“Government of the people, by the people and for the people,” to borrow from Abraham Lincoln, did a bit of not-perishing from this earth, Sonoma-style, this month.
That’s because the sharp whistle of a local government watchdog was finally heard by the local government being watched – and as a consequence, the city water district will benefit from changes to the city’s internal funding structure.
It all started last spring when Community Services and Environment Commission member – and typically soft-spoken City Council gadfly – Chris Petlock disputed in a story by Index-Tribune reporter Christian Kallen (“City of Sonoma Water Rates Questioned,” April 4) the City’s transferring of revenues from the city Water Fund to the General Fund – a practice known as “cost allocation” – in the form of an annual transfer conducted on the rationale that everyday services, such as staff salaries and other administrative costs, which are paid out of the general fund, also benefit the water district.
Hence, the water fund should chip in its fair share for the work being done by city staff on its behalf.
But Petlock cried foul over the transfers which, albeit similar to cost allocations in other cities, had in the case of SanJuan Capistrano, occasionally led to pricey lawsuits.
But Sonoma city officials interviewed by the I-T, none of whom had been with the city when the transfer policy was initiated, said such cost allocations were relatively common, perfectly reasonable and legal.
Well, “reasonable” is open to debate. But legal? That isn’t. Because it’s not.
At least, not anymore.
State law changed in 2014 rendering such transfers a firm no-no, but the memo apparently never reached Sonoma which has transferred more than $3.5 million from the Water Fund to the General Fund over the last six years at an annual rate of about 17 percent – with the last two, possibly three, of those years in violation of state law.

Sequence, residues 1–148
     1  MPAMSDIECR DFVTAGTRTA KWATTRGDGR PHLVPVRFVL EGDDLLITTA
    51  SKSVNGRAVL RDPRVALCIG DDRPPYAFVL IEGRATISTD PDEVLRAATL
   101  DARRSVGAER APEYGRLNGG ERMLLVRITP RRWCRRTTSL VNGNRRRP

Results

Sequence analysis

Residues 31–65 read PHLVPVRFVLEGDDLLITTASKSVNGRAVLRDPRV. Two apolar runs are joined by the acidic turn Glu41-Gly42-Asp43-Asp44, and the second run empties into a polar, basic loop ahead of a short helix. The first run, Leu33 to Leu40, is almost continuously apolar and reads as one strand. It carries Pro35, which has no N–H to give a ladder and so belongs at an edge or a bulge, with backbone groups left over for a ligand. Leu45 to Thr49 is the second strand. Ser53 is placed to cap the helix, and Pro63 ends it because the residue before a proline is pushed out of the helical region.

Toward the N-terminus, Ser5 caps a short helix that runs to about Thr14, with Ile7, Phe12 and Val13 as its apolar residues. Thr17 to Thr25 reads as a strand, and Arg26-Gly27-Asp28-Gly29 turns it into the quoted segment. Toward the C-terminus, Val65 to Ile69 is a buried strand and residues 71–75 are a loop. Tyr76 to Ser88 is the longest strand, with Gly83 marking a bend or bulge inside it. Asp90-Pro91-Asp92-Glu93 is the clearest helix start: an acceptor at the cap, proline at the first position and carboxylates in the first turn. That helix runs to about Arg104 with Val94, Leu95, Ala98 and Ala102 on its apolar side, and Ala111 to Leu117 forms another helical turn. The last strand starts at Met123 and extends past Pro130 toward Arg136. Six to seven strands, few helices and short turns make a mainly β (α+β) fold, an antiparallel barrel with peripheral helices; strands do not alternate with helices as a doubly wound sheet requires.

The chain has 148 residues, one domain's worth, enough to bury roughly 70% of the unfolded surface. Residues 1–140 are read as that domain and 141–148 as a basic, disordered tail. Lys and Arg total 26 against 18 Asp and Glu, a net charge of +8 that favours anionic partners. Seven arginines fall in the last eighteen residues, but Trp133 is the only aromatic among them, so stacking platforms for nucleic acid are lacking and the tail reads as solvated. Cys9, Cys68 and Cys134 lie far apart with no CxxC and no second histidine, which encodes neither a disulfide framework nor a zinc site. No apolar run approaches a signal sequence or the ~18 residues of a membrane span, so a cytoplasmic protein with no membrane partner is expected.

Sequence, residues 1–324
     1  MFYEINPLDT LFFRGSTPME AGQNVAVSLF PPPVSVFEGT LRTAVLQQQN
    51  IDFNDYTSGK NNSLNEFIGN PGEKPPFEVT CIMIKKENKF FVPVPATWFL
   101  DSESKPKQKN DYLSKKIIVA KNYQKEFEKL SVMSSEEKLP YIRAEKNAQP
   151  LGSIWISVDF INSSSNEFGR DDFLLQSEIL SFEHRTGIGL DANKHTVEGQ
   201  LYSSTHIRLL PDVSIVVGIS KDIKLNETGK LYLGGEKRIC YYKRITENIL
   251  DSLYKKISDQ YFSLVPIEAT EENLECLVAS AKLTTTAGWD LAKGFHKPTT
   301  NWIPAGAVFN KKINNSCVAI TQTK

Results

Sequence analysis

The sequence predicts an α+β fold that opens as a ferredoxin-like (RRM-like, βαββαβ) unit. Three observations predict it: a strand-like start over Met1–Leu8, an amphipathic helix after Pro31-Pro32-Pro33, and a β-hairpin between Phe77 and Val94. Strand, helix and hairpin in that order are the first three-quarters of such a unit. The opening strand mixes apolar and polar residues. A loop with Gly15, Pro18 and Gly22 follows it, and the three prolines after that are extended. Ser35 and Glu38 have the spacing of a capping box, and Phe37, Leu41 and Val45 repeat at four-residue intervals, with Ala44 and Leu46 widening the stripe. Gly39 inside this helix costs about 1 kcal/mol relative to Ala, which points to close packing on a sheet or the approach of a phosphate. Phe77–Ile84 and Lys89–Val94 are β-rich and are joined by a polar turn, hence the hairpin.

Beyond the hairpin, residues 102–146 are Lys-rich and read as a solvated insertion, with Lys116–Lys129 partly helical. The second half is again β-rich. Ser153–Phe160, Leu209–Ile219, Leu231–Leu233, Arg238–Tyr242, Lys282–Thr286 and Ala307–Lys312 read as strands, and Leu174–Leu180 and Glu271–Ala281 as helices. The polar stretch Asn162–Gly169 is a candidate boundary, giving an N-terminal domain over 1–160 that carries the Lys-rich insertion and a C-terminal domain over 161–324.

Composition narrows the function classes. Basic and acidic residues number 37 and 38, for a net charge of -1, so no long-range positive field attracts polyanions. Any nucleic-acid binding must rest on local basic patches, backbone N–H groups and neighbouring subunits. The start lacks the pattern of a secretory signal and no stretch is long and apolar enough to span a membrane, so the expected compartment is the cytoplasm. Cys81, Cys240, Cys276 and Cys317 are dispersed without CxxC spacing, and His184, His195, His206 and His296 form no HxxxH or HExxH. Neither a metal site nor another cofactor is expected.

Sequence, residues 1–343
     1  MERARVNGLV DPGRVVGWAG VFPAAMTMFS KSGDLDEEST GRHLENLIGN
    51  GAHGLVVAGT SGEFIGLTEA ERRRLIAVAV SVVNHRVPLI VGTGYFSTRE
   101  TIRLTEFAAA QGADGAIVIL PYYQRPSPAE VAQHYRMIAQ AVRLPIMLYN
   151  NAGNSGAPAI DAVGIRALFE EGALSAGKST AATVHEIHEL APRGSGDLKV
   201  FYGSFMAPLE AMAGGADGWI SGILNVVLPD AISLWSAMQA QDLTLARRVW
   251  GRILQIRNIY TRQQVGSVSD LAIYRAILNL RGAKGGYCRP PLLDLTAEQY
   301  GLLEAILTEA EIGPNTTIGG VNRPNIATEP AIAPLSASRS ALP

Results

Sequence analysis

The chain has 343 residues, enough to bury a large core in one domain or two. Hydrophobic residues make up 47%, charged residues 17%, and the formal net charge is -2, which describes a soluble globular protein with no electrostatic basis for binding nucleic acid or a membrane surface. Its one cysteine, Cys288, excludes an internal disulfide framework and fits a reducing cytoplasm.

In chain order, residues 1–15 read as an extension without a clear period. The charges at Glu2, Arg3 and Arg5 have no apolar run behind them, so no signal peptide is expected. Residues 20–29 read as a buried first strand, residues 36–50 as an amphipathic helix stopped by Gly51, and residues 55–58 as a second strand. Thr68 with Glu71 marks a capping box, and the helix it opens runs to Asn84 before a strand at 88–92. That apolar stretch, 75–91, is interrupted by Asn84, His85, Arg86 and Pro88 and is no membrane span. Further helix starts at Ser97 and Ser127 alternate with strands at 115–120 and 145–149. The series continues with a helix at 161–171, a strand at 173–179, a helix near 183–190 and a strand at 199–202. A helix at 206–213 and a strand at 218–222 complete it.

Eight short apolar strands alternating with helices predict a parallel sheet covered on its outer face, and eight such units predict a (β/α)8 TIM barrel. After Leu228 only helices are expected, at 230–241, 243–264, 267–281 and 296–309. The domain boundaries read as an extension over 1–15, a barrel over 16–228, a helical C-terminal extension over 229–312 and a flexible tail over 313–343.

But this isn’t a story about an error in accounting, or the bureaucratic disconnect between state and local authorities.
This is about Qui tam pro domino, or “qui tam,” for short. That’s the truncated version of the Latin expression, “Qui tam pro domino rege quam pro se ipso in hac parte sequitur” – which translates to, “He who prosecutes for himself as well as for the King.”
Qui tam is a fancy legal term about whistleblowers – it makes the point that any fight against government malfeasance is a fight to protect government itself. It certainly doesn’t suggest all whistleblowing serves the public good, is honest, or is done without a self-seeking agenda. That said, sometimes it’s pretty cool.
The first legally recorded case of whistleblowing in American history took place during the Revolutionary War, when Commodore Esek Hopkins was earning a reputation once described by the New England Historical Society as the “Rodney Dangerfield of the American Revolution.” Hopkins’ promising career seemed almost inexorable – he was even named the first Commander in Chief of the Continental Navy – and all eight ships in its fleet. But after a series of military blunders – one highlight found Hopkins marooning himself on a Rhode Island beachhead – members of his own crew in 1778 reported incidents of mistreatment of British prisoners, to go along with the commodore’s general embodiment of ineptitude, to the Continental Congress, which ultimately relieved him of his command.